Individualism-collectivism and business context as predictors of behaviors in cross-national work settings: Incidence and outcomes

Peter B. Smith, Cláudio V. Torres, Julia Hecker, Chei Hwee Chua, Alena Chudzikova, Serdar Degirmencioglu, Francisco Donoso-Maluf, Nancy Chen Yi Feng, Charles Harb, Brad Jackson, Sigmar Malvezzi, Andrew Mogaji, Juan Carlos Pastor, Lorena Perez-Floriano, B. N. Srivastava, Günter Stahl, Stephanie Thomason, Vladimir Yanchuk

Research output: Contribution to journalArticlepeer-review

5 Scopus citations


Brief descriptions of cross-national problem events by 1349 organizational employees from many nations were content analyzed. Contrasts between individualistic and collectivistic behaviors were much more strongly predicted by variations in business context (e.g., language spoken and hierarchical relations between the parties involved) than by a measure of nation-level in-group collectivism practices. Respondents from individualist nations emphasized performance goals and task focus, whereas those from collectivist nations emphasized personal aspects of work relations more strongly. Task-focused behavioral responses to problems were uniformly associated with positive outcome, whereas the outcome of emotional responses interacted significantly with individualism-collectivism practices. The results are interpreted in terms of collectivists' greater attention to context.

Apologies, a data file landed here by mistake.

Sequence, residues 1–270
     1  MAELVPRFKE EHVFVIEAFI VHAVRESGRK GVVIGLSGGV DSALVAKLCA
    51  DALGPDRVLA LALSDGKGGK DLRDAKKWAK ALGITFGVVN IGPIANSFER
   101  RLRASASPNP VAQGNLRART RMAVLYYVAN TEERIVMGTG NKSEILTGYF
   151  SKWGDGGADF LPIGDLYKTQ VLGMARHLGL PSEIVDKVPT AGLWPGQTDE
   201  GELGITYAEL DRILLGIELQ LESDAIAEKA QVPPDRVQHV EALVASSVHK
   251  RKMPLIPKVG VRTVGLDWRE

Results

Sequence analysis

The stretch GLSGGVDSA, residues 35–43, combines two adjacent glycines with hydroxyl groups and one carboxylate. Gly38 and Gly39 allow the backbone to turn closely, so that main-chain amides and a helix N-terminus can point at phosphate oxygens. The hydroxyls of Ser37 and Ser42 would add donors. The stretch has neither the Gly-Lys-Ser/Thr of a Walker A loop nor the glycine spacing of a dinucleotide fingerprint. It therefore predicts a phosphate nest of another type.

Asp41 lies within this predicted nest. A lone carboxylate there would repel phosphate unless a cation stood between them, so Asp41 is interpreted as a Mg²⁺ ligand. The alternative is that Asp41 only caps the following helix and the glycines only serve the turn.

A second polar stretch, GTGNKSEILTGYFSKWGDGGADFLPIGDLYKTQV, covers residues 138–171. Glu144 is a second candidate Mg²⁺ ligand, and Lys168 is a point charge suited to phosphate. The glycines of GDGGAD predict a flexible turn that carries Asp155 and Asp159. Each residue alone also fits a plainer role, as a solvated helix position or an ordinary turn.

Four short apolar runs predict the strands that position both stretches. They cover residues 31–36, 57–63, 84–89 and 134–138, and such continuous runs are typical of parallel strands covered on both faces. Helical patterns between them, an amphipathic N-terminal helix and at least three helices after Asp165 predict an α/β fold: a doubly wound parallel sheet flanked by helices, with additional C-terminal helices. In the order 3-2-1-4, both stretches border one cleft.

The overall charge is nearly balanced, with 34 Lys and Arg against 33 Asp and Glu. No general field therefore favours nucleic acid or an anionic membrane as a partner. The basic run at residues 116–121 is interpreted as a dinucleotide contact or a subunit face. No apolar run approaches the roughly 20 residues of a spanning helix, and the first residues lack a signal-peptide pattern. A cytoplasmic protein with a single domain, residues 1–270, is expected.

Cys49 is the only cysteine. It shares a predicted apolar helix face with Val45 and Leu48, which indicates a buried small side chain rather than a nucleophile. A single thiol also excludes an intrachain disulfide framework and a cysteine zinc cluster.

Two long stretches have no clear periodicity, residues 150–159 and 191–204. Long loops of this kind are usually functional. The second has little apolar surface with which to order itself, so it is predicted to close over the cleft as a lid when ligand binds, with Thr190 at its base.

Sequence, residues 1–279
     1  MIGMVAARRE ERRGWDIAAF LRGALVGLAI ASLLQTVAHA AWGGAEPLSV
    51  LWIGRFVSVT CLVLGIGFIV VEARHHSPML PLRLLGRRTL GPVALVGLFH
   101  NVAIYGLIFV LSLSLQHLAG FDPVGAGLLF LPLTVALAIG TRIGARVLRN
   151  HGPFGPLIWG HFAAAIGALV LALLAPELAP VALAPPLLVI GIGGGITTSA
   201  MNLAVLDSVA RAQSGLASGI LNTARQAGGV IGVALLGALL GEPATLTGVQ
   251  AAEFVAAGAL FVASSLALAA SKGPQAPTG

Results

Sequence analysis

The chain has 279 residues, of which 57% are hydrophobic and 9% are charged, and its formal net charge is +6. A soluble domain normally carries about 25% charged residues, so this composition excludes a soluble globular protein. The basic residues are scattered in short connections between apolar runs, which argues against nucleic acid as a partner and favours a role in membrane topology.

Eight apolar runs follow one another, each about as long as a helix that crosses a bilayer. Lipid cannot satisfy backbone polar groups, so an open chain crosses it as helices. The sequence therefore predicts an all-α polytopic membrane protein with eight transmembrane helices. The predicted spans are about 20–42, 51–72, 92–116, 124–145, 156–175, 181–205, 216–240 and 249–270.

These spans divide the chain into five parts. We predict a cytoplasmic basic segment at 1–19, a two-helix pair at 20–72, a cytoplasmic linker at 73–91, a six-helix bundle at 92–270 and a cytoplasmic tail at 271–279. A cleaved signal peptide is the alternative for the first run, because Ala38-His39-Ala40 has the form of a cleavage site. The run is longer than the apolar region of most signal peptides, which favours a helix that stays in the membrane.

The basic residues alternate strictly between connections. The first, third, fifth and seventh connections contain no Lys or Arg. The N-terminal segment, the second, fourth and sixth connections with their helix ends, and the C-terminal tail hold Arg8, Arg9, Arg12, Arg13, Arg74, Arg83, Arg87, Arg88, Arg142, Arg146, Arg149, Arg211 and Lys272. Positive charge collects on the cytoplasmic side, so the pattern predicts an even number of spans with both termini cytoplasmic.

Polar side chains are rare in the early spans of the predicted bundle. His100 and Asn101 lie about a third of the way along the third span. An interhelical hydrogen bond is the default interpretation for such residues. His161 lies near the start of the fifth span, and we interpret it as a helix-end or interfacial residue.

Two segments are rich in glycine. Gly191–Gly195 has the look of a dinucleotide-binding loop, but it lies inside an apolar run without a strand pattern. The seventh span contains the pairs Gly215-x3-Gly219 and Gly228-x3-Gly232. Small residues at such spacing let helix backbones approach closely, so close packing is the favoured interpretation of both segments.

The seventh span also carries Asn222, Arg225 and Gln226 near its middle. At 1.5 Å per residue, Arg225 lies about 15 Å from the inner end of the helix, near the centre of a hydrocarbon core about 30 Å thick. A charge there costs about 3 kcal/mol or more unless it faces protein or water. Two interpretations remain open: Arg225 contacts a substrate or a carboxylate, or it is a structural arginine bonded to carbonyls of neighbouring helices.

Original languageEnglish (US)
Pages (from-to)440-451
Number of pages12
JournalInternational Journal of Intercultural Relations
Issue number4
StatePublished - Jul 2011
Externally publishedYes


  • Cross-cultural skills
  • Individualism-collectivism
  • Work interactions

ASJC Scopus subject areas

  • Business and International Management
  • Social Psychology
  • Sociology and Political Science


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